This trial that we set up in advanced penile cancer patients was initiated because advanced penile cancer patients have a very poor survival, especially the stage 4 patients which also includes local regional disease still. We have previously conducted two trials at our centre, one investigating neoadjuvant chemotherapy which is the current standard in the guidelines. What we noticed was good responses but also a high rate of toxicity and early relapses. So that’s why we set up another trial investigating chemoradiotherapy which is also used in anal cancer. We used actually the same treatment schedule that’s used in anal cancer in our centre and we saw better responses and less toxicity but we also included the better patients. So especially for the patients with advanced disease with distant metastasis there was still not really an option for treatment because there are not a lot of treatment options for this group of patients. That’s why we set up the PERICLES study investigating immunotherapy with or without radiotherapy in advanced penile cancer patients.
The PERICLES study is a single centre phase II study which actually has two treatment arms and is not randomised. We included 32 patients with advanced penile cancer and they either had distant metastasis or local regionally advanced. They had a performance status of 0 or 1 and any previous treatment was allowed except for anti-PD-1 or PD-L1 treatments. Then all the patients received atezolizumab every three weeks for one year and the patients in arm A also received local regional radiotherapy according to the same treatment schedule as used in the chemoradiation trial.
The decision for arm A with radiotherapy or arm B with only atezolizumab was made based on the clinical presentation of the patients. If they could receive radiotherapy, they did not have any overlapping previous radiotherapy fields, and we expected a benefit of radiotherapy, they received local regional radiotherapy, otherwise they were included in arm B and only received atezolizumab. We followed them using CT thorax abdomens every 12 weeks to evaluate response. Then we set the primary objective, actually quite ambitiously, at a one year progression free survival of 35% or more. Secondary objectives were overall survival, response rate and toxicity.
Toxicity within the trial was actually well manageable. There were grade 3/4 adverse events in only 10%, related to immunotherapy. Related to radiotherapy this was higher, this was 65% but this was mainly caused by clinically insignificant lymphocyte count decrease in 50% of the patients. If we look at the clinical efficacy we noticed that the best overall response rate in arm A was actually 44% but it’s difficult to make a distinction between a response to atezolizumab and a response to radiotherapy. That’s why we also look at arm B which only received atezolizumab and had a best overall response rate of 17% which is quite substantial actually. So both arms had complete responders and durable responders which was actually not before investigated in penile cancer in such a trial specifically for penile cancer.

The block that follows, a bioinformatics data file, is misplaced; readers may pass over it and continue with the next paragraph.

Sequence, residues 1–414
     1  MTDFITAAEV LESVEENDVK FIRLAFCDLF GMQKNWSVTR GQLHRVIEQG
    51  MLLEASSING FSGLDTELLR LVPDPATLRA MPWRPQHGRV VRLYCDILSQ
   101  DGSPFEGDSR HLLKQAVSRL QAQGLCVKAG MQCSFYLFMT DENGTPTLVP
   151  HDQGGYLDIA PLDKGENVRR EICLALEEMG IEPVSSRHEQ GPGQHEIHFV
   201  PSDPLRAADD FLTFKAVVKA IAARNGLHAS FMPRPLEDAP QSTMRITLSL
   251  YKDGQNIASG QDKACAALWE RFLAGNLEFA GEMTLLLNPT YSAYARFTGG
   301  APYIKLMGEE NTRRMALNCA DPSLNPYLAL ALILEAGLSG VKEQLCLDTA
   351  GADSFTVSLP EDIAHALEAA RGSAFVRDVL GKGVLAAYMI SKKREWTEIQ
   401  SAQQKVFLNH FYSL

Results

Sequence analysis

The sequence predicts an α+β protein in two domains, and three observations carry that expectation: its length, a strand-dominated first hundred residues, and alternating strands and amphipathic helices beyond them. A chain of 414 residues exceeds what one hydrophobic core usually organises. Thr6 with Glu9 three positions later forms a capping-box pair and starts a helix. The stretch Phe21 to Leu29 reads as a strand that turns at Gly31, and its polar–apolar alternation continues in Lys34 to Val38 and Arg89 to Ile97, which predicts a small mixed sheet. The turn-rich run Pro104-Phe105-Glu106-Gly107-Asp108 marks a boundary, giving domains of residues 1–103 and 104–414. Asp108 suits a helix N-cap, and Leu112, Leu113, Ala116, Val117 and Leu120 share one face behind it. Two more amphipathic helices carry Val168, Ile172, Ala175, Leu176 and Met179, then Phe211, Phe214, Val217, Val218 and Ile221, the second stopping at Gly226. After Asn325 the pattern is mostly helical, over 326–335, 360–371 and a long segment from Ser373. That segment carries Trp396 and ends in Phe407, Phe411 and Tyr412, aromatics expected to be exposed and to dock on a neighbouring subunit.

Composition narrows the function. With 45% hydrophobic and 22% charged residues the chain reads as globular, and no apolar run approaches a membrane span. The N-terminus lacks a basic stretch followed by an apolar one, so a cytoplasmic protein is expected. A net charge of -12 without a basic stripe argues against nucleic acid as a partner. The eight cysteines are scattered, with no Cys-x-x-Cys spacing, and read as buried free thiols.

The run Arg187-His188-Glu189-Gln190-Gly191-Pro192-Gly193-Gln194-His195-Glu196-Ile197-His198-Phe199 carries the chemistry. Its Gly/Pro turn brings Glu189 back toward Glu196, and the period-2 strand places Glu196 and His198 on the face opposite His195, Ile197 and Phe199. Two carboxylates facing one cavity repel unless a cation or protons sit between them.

Unfortunately we did not reach the one year progression free survival and not our primary objective.
At the same time when looking at arm A and arm B and comparing them for progression free survival, we did not see a difference there. So that might be that the radiotherapy is not beneficial, at least we did not see a synergistic effect of radiotherapy on the progression free survival. Maybe this was because the radiotherapy scheme was suboptimal for immune modulation.
We have already looked at two different biomarkers, one was the PD-L1 status which is scored positive if 50% of tumour cells were positive. We saw that the patients who were PD-L1 positive had a slightly better progression free survival and overall survival. But we cannot make any hard conclusion on this because the data are still too immature and it’s quite a small group of patients. But we also saw the same trend of a slightly better progression free survival and overall survival for high risk human papilloma virus patients of which we had 14 in this trial.
Since we did see anti-tumour activity of atezolizumab in advanced penile cancer patients with complete and durable responders, we still are very interested in immunotherapy, despite that we did not reach our primary endpoint. But we’re currently evaluating pre- and on-treatment biopsies which we collected to see if there are other biomarkers for response and if we could maybe find different combination therapies or get a sense for which combination therapies might overcome resistance and then we plan to set up another trial to investigate this further and to see which treatment with immunotherapy would be the best for penile cancer patients.
These results should be interpreted that there is activity of atezolizumab for advanced penile cancer. We actually have a best overall response rate of 17% which is, with single checkpoint blockade, reasonable. The toxicity is manageable for these patients and we have some direction for biomarkers with high risk HPV positive or PD-L1 positive but we still need more data and we should definitely do more trials for immunotherapy. People can expect that this might become a new treatment for penile cancer in the future.